Schaefer points out, “If you license fees like HBO and Showtime at the highest levels, I don’t know, $3.5 million for a fight and you have a fighter who generates...I’m just saying 300,000 homes on pay-per-view at $25 a piece - that’s $7.5 million. Even if you take away the cost of marketing and things like that, that’s double what the license fees are on premium subscription cable networks. So now, is it fair for fight fans to say, ‘Well, that guy shouldn’t be on pay-per-view’? I mean, this is like if you would tell them, ‘Y’ know, you need to take a 50 percent pay cut,’- how would you feel?”
There is a very simple principle of supply-and-demand as it relates to pay-per-view and unlike network license fees, which can be arbitrary in determining the value of a fight or fighter, pay-per-view results speak for themselves. Alvarez is going on pay-per-view because those involved believe they can be successful (enough) to do so and turn a profit. But was it Golden Boy who pushed for this card to be on pay-per-view or Alvarez who insisted on it?
“‘Canelo’ wanted to have a pay-per-view for a long time and he wanted to establish where he stands from the pay-per-view point of view and I can’t blame him for that. I was supportive of it and I think if he wants to be on pay-per-view, he should be on pay-per-view,” said Schaefer, who recalled that Alvarez’s 2012 bout against Josesito Lopez was slated for pay-per-view but those plans were scrapped when the bout between Sergio Martinez and Julio Cesar Chavez Jr. was scheduled for that same weekend and took precedence.
So would 300,000 buys constitute a success this weekend and would that then mean ‘Canelo’ fights will automatically come with a $50-to-60 price tag moving forward?
“Well, again, you have to put it in the perspective of what the alternative is and the alternative is to get a license fee from Showtime or an HBO for $3.5 million and you can generate $7.5 million on pay-per-view and you generate the closed-circuit business as well. So yes,” said Schaefer, who added, “When you say it’s going to be a success I think you need to differentiate a little bit too about financial success and commercial success. But again, when you are a 23-year-old fighter who will be exposed, for example, to 300,000 homes, is that better than being live on Showtime or an HBO where you have a larger audience? That’s the question. But you have to balance these things. The truth is if it were up to me and I would have the final say or choice that some fights should be on pay-per-view and some should be on Showtime, HBO, so I think a combination is probably the right solution.”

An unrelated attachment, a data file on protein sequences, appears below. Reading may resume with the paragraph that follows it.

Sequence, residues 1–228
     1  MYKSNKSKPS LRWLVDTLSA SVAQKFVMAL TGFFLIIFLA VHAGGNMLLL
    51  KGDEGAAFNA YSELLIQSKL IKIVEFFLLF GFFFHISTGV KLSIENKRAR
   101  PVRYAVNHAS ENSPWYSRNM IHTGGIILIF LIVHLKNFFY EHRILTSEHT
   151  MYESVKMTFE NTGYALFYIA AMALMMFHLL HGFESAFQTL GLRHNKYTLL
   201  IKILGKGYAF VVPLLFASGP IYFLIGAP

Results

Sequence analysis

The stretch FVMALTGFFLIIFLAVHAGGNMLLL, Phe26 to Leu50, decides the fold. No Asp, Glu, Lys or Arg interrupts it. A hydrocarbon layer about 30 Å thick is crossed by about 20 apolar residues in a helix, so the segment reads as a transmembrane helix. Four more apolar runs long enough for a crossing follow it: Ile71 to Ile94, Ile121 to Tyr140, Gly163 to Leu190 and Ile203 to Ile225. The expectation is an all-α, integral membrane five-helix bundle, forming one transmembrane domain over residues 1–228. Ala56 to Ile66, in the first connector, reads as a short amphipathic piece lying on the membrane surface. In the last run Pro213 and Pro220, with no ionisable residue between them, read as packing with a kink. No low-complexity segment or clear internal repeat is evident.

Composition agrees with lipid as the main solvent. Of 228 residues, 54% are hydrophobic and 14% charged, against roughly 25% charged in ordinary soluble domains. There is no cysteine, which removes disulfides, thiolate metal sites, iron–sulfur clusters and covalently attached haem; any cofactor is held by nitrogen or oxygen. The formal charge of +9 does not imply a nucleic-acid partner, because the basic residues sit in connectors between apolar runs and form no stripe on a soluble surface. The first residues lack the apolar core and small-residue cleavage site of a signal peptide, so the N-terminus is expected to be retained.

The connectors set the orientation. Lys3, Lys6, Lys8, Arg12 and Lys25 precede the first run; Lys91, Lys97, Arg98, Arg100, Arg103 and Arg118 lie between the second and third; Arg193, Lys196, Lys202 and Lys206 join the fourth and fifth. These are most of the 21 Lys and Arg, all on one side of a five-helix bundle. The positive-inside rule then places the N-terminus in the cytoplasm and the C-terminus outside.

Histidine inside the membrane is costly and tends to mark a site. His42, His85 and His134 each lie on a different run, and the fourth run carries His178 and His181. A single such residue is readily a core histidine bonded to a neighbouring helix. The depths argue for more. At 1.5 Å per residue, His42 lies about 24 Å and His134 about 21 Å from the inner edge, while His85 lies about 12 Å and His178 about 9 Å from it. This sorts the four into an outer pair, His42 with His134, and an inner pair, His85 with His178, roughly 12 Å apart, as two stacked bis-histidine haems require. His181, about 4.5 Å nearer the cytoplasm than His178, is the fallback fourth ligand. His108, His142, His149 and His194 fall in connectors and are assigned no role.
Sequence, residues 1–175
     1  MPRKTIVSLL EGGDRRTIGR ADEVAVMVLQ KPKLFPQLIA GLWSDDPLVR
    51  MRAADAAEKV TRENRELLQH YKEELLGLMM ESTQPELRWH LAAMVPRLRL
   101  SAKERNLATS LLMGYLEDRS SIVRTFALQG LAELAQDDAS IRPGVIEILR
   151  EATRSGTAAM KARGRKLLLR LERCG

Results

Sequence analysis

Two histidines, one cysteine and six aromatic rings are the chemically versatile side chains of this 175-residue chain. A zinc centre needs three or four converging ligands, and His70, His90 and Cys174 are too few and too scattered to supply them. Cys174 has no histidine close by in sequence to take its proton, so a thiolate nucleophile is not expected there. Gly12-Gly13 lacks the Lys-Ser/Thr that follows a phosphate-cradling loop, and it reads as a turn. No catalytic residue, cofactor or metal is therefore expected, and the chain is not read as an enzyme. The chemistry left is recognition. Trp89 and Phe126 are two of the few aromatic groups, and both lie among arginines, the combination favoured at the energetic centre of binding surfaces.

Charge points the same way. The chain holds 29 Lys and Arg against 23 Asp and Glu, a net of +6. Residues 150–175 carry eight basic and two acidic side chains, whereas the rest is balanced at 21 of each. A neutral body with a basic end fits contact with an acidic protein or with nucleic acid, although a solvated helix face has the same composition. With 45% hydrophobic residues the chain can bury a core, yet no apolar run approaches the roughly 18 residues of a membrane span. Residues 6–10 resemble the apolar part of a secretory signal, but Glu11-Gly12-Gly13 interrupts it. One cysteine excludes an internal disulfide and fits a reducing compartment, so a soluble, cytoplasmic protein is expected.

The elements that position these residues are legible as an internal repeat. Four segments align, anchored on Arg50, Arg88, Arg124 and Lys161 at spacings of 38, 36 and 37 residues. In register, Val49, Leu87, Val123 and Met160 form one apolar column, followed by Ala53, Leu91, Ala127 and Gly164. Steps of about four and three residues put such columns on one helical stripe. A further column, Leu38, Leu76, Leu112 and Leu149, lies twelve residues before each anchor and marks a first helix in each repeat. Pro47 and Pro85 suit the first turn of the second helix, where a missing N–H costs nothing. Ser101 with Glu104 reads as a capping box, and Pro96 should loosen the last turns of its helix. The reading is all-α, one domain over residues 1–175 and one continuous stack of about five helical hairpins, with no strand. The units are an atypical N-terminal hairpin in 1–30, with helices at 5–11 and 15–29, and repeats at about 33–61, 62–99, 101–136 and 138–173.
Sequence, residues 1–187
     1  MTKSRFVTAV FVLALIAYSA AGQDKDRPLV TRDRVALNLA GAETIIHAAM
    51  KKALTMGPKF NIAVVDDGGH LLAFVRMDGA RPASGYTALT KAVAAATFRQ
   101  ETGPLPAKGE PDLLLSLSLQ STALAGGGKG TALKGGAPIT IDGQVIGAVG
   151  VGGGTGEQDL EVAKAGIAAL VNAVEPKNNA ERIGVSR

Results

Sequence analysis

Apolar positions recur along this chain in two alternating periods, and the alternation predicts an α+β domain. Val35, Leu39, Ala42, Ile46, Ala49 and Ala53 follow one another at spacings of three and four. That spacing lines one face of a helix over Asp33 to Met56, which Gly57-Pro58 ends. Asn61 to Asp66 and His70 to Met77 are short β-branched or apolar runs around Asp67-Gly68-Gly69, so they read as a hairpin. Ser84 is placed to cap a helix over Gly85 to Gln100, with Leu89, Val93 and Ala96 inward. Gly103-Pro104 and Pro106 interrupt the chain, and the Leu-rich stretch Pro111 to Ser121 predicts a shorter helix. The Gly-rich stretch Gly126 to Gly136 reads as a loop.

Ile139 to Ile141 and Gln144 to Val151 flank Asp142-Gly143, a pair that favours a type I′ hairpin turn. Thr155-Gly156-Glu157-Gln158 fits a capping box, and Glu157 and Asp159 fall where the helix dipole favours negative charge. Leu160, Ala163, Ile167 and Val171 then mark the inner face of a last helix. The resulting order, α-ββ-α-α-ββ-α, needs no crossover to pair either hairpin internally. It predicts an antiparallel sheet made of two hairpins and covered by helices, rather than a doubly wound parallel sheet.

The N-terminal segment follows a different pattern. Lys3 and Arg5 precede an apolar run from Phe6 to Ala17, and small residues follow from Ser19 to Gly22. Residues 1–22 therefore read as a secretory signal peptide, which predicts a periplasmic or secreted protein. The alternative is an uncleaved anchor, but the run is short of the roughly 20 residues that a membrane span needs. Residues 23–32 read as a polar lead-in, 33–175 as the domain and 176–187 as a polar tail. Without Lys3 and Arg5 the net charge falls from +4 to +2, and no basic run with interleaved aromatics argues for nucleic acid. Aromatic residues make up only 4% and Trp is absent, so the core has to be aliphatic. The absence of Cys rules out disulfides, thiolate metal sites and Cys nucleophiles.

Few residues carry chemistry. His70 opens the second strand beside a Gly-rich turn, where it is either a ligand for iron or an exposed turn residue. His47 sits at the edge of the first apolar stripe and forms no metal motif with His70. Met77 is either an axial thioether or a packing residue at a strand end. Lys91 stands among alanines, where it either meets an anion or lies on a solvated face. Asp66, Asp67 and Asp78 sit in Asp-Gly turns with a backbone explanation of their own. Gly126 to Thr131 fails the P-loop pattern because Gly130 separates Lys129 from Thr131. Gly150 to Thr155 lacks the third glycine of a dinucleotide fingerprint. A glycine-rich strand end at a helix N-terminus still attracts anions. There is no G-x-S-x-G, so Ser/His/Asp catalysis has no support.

For as lucrative as pay-per-view can be (even with the relatively small amount of buys as Schaefer used as an example), it has to be said that it is usually the smallest platform in which to perform on. Historically, Alvarez has regularly played to over a million homes on both HBO and Showtime. This weekend, he might play to just a fraction of that. Also, the last three great pay-per-view franchises this sport has seen, Mayweather, De la Hoya and Manny Pacquiao didn’t become full-fledged pay-per-view entities till their late-20s or early-30s after years of constant exposure on the major networks. Alvarez is still just 23 and this particular card caters to the West Coast and the Latino/Mexican market. While the last pay-per-view event he participated in set records back in September, the reality is he was the clear B-side.
Can you continue to build his brand effectively by being exclusively pay-per-view this early on? For every De la Hoya pay-per-view event he had versus the likes of Felix Trinidad and Shane Mosley, the “Golden Boy” had highly rated HBO appearances against Oba Carr, Darrell Coley and Arturo Gatti.
“We see these massive pay-per-views like Mayweather has done, pay-per-view looks very attractive and very alluring to every fighter but the reality is it took a long time to establish those numbers and it’s easy to forget that when you see eye-opening numbers like with what we did last September with Mayweather and ‘Canelo’,” said Espinoza, who, for his own sake, wants to see Alvarez on Showtime once in awhile to placate his subscriber base.